And while such an experience, for the young, often results in a humorous story (after the horror of a non-fatal overdose finally subsides, of course), ingesting too much THC for the elderly can be a vicious hell ride. Nobody wants to see nana stumbling around the house, gripping her chest while searching for a pen to scrawl out her last will and testament just because someone thought it would be funny to feed her a handful of gummies. She might not drop dead, that much is true. Marijuana overdoses, as far as we know, have yet to claim a life. But you had better believe she’ll consider, at the very least, the distinct possibility that her demise is on the horizon. 

“Can you imagine going to your grandma’s funeral and everyone there knows she’s dead because you got her too high?” queries Zaida, a 26-year-old from Memphis, Tennessee. “Talk about awkward.”

Listen, getting a grandparent too high, knowing they might freak out a little, is really an issue of ethics. 

“Fundamentally we have to understand that getting someone else too high is not kind nor is it legal,” Dr. Jordan Tishler, CEO at inhaleMD and Instructor of Medicine at Harvard Medical School, told The Bluntness, adding that the goal shouldn’t be to get them high, but provide some relief while keeping them least affected. “While THC is the main medicine in cannabis and will always come with some degree of intoxication, getting high is really an unwanted side effect,” Dr. Tishler added. “Our goal for patients and seniors is to help them feel better without blasting them.”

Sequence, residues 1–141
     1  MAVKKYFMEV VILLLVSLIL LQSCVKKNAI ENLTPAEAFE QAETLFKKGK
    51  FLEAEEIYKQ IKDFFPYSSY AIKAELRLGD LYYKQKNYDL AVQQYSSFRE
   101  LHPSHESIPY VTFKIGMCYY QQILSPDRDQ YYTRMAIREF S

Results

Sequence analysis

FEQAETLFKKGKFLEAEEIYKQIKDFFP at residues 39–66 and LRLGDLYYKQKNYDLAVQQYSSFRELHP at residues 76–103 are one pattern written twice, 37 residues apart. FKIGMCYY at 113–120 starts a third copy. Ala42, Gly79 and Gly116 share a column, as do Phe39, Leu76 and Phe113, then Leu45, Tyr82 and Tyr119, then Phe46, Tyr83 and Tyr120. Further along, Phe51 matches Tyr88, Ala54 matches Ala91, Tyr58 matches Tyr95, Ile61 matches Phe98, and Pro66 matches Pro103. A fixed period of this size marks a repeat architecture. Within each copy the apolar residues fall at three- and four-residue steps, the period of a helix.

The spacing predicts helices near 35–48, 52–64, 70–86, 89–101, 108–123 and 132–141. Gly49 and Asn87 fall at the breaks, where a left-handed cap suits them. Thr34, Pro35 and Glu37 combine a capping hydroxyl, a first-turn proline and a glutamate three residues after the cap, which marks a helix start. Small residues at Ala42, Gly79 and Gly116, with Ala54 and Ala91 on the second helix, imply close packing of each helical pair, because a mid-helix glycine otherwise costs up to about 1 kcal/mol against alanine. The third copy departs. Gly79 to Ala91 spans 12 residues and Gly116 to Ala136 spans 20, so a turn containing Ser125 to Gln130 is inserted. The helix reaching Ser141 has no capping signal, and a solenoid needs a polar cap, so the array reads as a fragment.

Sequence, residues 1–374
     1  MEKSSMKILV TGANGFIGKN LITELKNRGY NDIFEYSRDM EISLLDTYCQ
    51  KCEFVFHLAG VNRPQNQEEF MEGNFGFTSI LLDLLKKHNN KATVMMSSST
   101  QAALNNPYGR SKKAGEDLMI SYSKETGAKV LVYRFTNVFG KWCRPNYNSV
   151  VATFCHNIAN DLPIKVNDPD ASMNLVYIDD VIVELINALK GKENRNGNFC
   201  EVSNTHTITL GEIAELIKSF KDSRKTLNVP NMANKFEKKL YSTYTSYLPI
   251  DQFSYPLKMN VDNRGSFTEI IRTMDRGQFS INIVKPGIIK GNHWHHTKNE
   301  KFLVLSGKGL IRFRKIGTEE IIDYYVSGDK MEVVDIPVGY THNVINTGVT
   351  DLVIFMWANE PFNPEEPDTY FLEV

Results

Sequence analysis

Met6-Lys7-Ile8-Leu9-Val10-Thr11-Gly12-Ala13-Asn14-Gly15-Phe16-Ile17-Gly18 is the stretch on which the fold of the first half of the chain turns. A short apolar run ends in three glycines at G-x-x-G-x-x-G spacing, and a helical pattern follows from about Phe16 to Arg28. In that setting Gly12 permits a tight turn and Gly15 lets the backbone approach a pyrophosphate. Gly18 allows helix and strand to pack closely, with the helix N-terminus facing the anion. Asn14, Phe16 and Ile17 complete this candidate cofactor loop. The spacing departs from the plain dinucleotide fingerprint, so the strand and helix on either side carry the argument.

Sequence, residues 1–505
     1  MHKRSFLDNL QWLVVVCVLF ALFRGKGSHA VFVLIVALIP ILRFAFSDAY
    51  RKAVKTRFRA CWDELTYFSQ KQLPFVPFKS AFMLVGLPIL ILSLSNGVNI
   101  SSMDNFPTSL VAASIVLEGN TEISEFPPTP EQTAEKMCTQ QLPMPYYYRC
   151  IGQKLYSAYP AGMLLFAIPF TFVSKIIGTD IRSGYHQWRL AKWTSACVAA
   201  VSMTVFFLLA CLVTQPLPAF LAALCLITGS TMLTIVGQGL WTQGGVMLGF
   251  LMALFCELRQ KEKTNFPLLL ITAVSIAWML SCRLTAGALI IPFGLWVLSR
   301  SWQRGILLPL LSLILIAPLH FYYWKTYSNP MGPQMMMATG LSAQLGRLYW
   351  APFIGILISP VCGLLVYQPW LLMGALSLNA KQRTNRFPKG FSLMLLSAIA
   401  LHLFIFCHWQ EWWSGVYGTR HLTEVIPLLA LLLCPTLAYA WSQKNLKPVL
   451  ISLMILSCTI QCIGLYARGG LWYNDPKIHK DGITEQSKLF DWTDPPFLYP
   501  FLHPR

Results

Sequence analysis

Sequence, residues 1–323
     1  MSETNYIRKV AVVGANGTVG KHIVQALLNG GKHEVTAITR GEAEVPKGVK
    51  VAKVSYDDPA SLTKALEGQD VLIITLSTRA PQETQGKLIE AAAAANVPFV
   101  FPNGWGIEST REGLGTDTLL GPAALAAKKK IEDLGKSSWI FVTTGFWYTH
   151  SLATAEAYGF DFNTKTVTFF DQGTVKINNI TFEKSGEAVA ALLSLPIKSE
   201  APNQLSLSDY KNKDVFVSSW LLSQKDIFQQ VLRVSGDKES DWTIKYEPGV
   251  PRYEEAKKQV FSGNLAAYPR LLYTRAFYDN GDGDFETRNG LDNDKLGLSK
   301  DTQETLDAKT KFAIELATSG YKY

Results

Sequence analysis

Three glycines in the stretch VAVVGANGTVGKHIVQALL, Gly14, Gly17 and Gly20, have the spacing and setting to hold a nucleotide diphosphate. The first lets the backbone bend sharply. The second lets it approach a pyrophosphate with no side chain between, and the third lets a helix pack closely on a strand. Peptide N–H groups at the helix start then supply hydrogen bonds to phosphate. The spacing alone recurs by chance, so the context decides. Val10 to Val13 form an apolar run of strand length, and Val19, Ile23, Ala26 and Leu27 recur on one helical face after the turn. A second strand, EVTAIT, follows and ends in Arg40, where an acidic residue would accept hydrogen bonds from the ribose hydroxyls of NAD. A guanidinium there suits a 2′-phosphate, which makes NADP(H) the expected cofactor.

It may sound like a good time to let grandma eat an entire plate of pot brownies, but the best way to help her, even if she’s just curious about the overall effects of pot, is to ease her into the experience. Cannabis might be safer than dozens of prescription medications that I can’t even begin to pronounce, but that doesn’t mean it is without risks. Dosage is crucial to maintaining safety. 

“This requires careful attention to dose and the way the cannabis is taken,” Dr. Tishler declared. “These are not concerns that recreational users are used to. Cannabis is effective medicine at way lower doses than are typical for recreational users.”

So, nana, if you’re reading this, never accept the medical counsel of your grandchildren. We know you’re proud of them, but they have no expertise. Jimmy is a stock boy at Walmart and Kim hasn’t held a steady job since 2005. “Patients and seniors should be getting their advice from a cannabis specialist practitioner, not their kids or grandkids,” Dr. Tishler said emphatically.  

In the end, feeding a grandparent too much weed just to get a laugh is a bonehead move, steeped in irresponsibility. Aside from being unethical and dangerous, it might even prevent nana from further exploring this medicine and receiving its benefits. “Getting someone blitzed may seem funny to a frequent cannabis user, but for non-users the initial experience can be quite frightening if the dose is too large,” Dr. Tishler asserts. “Intentionally misadvising someone or, worse, giving them a substance without their knowledge and consent, is cruel and unacceptable. Furthermore, it is illegal.”

Although grandma probably won’t press charges – what’s the point? Jimmy is just going to ask her for the bail money anyway – someone who isn’t a blood relative might. And that could bring down the heat in a big way. Prosecutors might not be quick to throw the book at pot offenders much these days, but get charged with drugging someone, especially the elderly, even if it is only a little pot, and see what wrath lies ahead. Spoiler alert: It won’t be good. “Intentional poisoning is a felony and can lead to prison time,” Dr. Tishler said. “Don’t be that guy.”